With heydeguies, and trimly trodden traces; Whilst sisters nine, which dwell on Parnass hight,
Do make them music, for their more delight; And Pan himself to kiss their chrystal faces,
Will pipe and daunce, when Pbabe shineth bright Such peerless pleasures have we in these places.
And I, whilst youth, and course of careless years, Did let me walk withouten links of love,
In such delights did joy amongst my peers: But riper age such pleasures doth reprove,
My fancy eke from former follies move To strayed steps: for time in pasting wears
(As garments doen, which waxen old above) And draweth new delights with hoary hairs.
Tho couth I sing of love and tune my pipe Unto my plantive pleas in verses made:
Tho would I seek for queen-apples unripe, To give my Rosalind, and in sommer shade
Dight gawdy girlonds, was my common trade, To crown her golden locks: but years more ripe,
And loss of her, whose love as lise I wayde> Those weary wanton toys away did wipe.
Colin, to hear thy rhimes and roundelays, Which thou wert wont on wastesul hills to sing,
J more delight, than lark in fommer days: Whose echo made the neighbour groves to ring,
And taught the birds, which in the lower spring
Frame to thy song their cheersul cheriping
I faw Calliope with muses moe,
Their ivory lutes and tamburins forgo:
Ren after hastily thy silver sound.
They drew a back, as half with shame confound, Shepherd to see, them in their art out-go.
Of muses, Jhbbinol, I Cor no skill,
And holden scorn of homely shepherds quill:
Which him to much rebuke and danger drove, I never list presume to Parnass hill,
But piping low, in shade of lowly grove, I play to please myself, albeit ill.
Nought weigh I, who my song doth praise or blame, Ne strive to win renown, or pass the rest:
With shepherds sits not follow flying fame,
I wote my rimes been rough, and rudely drest;
Enough is me to paint out my unrest,
The God of shepherds, Tityrus is dead,
He, whilst he lived was the sovereign head Of shepherds all, that been with love ytake.
Well couth he wail his woes, and lightly flake The flames, which love within his heart had bred,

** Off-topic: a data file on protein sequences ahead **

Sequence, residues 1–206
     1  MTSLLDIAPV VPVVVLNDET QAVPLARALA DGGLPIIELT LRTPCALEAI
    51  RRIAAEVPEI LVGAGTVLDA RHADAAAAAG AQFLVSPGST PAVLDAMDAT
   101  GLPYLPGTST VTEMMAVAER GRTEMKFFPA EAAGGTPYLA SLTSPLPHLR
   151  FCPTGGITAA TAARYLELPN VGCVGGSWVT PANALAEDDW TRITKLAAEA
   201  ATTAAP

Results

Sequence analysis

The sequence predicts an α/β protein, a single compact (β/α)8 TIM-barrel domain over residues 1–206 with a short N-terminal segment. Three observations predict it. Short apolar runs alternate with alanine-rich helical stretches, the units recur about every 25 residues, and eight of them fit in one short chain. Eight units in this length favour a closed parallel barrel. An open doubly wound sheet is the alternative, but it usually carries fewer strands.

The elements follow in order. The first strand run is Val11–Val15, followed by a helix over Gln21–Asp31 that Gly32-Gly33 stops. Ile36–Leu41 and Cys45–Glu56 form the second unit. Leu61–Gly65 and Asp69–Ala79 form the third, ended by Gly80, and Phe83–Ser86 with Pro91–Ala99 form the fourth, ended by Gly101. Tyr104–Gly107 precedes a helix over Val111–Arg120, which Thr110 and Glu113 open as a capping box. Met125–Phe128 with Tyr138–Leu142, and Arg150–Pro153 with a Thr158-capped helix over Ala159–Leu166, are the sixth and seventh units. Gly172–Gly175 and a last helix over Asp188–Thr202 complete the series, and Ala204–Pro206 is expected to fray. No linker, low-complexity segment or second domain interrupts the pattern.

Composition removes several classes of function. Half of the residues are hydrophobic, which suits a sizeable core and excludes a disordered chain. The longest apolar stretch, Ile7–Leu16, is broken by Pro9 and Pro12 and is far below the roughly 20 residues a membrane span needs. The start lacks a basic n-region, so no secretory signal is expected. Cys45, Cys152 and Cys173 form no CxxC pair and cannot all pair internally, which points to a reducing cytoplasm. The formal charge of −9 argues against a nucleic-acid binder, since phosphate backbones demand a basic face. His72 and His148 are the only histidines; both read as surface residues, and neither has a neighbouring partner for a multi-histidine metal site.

And tell us merry tales, to keep us wake,
Now dead he is, and Heth wrapt in lead,
And all his palling skill with him is fled,
But if on me some little drops would flow Of that the spring was in his learned hed,
I soon would learn these woods to wail my woe, And teach the trees their trickling tears to shed.
Then should my plaints, caus'd of discourtesee, As messengers of this my painsul plight,
Fly to my love, wherever that she be. And pierce her heart with point of worthy wight;
As she deserves, that wrought so deadly spight. And thon, Mencdcas, that by treachery
Didst undersong my lass to wax so light, Should'st well be known for such thy villiany.
But since I am not, as I wish I were, Ye gentle shepherds, which your flocks do seed,
Whether on hills or dales, or other where, Bear witness all of this so wicked deed:
And tell the lass, whose slower is woxe a weed, And faultless faith is turn'd to faithless seere,
That she the truest shepherd's heart made bleed, That lives on earth, and loved her most dear.
H o B B i N o l.
O! caresul Colin, I lament thy case, Thy tears would make the hardest flint to flow!
Ah! faithless Rosalind, and void of grace, That are the root of all this ruesul woe .'
But now is time, I guess, homeward to go: Then rise, ye blessed flocks, and home apace.
Lest night with stealing steps do you foreslo, And wet your tender lambs, that by you trace.